Custom Search
   boat plans
   gift certificates
Join Duckworks
Get free newsletter
on this site
by Dan Rogers - Diamond Lake, Washington - USA


1- 2 - 3 - 4 - 5 - 6 - 7 - 8 - 9 - 10 - 11 - 12 - 13 - 14

Well.  Things pretty much blew up in my face.  Nothing really worked out like planned.  At least, I didn’t plan anything that worked out.  A sensible guy would scrap the whole thing and start over.  A pessimistic guy would probably flee in horror.  And, a smart guy, well…

Fortunately for this project, we don’t have any of those guys on the crew.  We do have a large supply of bull-headed-blind-confidence. In fact, I have plenty of that stuff.  Enough to share.

So, the paper ended up in a giant version of as Safeway shopping bag.  It does seem to stick to itself, just not to the foam.  I pondered using two skins and a single core.  While that did have promise, I was probably sitting on a barrel of that BHBC stuff at the time; so I just decided to stick with the current horse to try to continue swimming for the far bank of the stream.  Not that expert opinion from folks with actual experience hasn’t been offered.  I guess it’s the nature of the beast.  Nothing of a “conventional” method seemed to fill the bill.  Press on regardless…

Way back, in the Boy Scouts, when I was first learning how to be a lifeguard; we were indoctrinated into the idea that when people think they are drowning, they can do just that in waist-deep water.  And, in this mode, I was probably only in ankle deep water.  Another step, and all would turn out OK.  Well, I suspect I did manage to do what my old lifeguard instructor told us about.  It sure felt like deep, deep kim chee.  So, I decided to keep  doing the same thing.  Again.  Only, different.

Instead of using paper and spray glue, I went to eighth-inch door skins and good ol’ PL Premium over the same old double-layer of tortured foam sheets.

The edges do present a problem.  Not a new problem.  Just one yet to solve. 

Once, more or less glued in place.  And, more or less smooth and fair.  And, more or less shaped around the pretty darn thick perimeter.  It was time to test fit this baby elephant before it could eat any more bananas.  The future top layer(s) of ‘pox & glass will certainly not make it any lighter.

The psychometric construct, “visual learning” is almost certainly an oxymoron.  But, as a practitioner of that particularly difficult art; I find it absolutely necessary to see what I’ve got so far, to visualize where I’m gonna’ go from here.  So, I dragged this rather ginormous lid up onto the deck and sprouted some temp supports to sort of see how things are maybe going.  At first blush, I was encouraged.

Next up, was to start doing sort of “final assemblies” to create a sort of reliable form to put the lid back up onto when taped and glassed and shaped and faired - down on the floor where I can better reach things.  A couple brain storms resulted in this overall concept.

Current “plan” is to add a 3-foot solid section aft, and a pair of left-over turned stanchions near the nose.  The solid section should blend with the cladding yet to go on the foundations, and sport a port hole.  The stanchions will sit inboard a bit, to allow for a row of arched windows along both sides the rest of the way forward.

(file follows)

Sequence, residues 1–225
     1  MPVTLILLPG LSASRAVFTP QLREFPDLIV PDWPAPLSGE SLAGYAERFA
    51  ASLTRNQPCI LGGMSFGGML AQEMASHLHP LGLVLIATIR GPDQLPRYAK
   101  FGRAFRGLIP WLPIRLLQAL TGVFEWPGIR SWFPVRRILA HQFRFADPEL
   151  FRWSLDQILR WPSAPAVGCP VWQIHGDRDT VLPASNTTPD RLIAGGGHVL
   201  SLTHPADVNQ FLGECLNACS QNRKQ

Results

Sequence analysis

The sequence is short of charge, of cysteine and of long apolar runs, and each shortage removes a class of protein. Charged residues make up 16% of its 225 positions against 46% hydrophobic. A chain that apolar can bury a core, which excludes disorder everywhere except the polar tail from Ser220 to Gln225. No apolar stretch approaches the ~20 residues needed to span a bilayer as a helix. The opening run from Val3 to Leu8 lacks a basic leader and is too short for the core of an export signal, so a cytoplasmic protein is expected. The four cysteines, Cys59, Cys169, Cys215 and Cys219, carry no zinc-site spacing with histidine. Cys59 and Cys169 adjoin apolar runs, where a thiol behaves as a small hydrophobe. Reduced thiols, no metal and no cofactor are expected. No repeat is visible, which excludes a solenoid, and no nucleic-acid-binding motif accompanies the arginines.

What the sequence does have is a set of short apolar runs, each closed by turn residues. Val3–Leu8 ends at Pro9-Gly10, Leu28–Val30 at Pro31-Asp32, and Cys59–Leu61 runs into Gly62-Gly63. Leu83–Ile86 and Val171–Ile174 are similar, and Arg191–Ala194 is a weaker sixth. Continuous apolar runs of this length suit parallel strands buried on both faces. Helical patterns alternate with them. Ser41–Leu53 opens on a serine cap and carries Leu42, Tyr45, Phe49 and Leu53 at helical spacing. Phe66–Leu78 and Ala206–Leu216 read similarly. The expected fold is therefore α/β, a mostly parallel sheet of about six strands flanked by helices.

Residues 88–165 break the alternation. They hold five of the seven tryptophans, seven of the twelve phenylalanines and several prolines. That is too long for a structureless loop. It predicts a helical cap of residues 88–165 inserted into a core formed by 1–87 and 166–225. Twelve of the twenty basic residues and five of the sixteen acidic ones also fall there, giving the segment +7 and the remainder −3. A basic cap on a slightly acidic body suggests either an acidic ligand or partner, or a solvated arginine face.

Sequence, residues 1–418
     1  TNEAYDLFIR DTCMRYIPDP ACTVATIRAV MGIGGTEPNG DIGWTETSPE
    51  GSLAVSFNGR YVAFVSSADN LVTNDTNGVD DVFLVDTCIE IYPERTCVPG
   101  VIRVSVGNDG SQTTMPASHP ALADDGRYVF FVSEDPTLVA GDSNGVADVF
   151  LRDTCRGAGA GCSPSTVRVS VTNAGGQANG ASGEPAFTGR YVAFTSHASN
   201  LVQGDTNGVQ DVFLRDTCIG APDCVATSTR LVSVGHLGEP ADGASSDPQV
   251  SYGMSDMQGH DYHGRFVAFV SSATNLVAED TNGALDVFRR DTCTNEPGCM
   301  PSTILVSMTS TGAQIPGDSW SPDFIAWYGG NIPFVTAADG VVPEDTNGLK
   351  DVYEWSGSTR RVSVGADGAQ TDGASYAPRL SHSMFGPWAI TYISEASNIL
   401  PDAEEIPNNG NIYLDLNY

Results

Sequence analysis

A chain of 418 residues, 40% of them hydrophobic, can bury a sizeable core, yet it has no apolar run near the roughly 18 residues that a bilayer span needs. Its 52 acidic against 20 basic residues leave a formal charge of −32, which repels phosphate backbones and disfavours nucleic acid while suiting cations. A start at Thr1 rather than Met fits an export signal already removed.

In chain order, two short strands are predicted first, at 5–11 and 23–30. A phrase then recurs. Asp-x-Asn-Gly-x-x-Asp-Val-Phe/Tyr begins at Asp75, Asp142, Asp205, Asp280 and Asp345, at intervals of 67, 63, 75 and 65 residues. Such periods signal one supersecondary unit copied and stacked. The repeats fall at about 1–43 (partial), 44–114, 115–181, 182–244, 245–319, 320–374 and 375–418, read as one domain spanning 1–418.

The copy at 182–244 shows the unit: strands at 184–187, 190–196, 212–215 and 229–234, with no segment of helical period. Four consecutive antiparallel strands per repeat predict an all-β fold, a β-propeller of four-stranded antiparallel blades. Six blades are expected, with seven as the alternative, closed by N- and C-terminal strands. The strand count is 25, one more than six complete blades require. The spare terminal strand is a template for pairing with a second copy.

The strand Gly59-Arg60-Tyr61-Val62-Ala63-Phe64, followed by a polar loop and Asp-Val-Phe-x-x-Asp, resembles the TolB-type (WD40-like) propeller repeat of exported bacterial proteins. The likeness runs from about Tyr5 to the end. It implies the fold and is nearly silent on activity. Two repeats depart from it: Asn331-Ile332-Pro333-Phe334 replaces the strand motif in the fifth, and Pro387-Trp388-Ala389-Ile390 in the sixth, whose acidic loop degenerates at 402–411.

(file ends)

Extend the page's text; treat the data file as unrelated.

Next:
Tally hooooooo…..

This thing is gonna’ work.

My road warrior buddy, Dennis, the Bard of Burnaby has already asked me if maybe, just maybe, I was suffering the after effects of too long with too short an attention span.  That was earlier today.   I think I told him “nonsense.”  Then, I sort of forgot what we were talking about and ran off onto a new adventure.   In the spirit of the times - presidential election debate season - I did attempt to do a bit of damage control vis a vis my “position.”  I suggested that attention span was over rated.  Heck, the deer tick can hang around for two years, looking for the next of his lifetime total three meals; just so he can get a girlfriend.  Then, she kicks him off the leaf.  I say, a guy should probably explore other options, now and then.

When this monstrosity is finally in place, and hopefully not leaking, I will have totally forgotten how much a PIA it really has been.  To listen to The Lucas, building a foam and glass top for a boat is just about as easy as falling off a piece of cake.  Or, eating a log?  Something.

Anyhow, I’m here to tell you, there’s more to it than that.  Of course he has his Privy Council that sit around the Tikithrone, sage advice bubbling over like an upturned beer truck.  I’m sure those guys really do know what they are doing.  I’m much more limited in actual hands-on advice.  Sam did come over, and he did loan me his hot wire setup.  His verbal instructions all started with “All you have to do, is…”  Then, he ran off to hide out in Arizona.  Part of the witness protection program, or something.  So, when Plan A, B, and part of C didn’t pan out.  I decided to simply wing it.  Sound familiar?

This is sort of how I hope the thing will look, someday.  But, that shop ceiling is way closer to the lid than I care to shove my head into and work at beyond fingertips’ reach from a ladder.  So, once sort of vetted for shape, and flatness, and curve, and stuff like that.  Down we came, again.

I figure that it’ll take quite a bit of glass to equal good old trees for stiffness and impact resistance.  So, back to something that grew in the forest.  Chopped up, and rearranged, of course.

This is a lot like putting a crust on a marshmallow sandwich.  And, yes, I do still have to ‘pox and glass and tape the thing into submission.  But, if I do end up accidentally turning the boat over, at sea, it’ll make for one helluva big longboard to surf to shore on.  Did Duke Kahannamoku have these problems?

To comment on Duckworks articles, please visit one of the following:

our Yahoo forum our Facebook page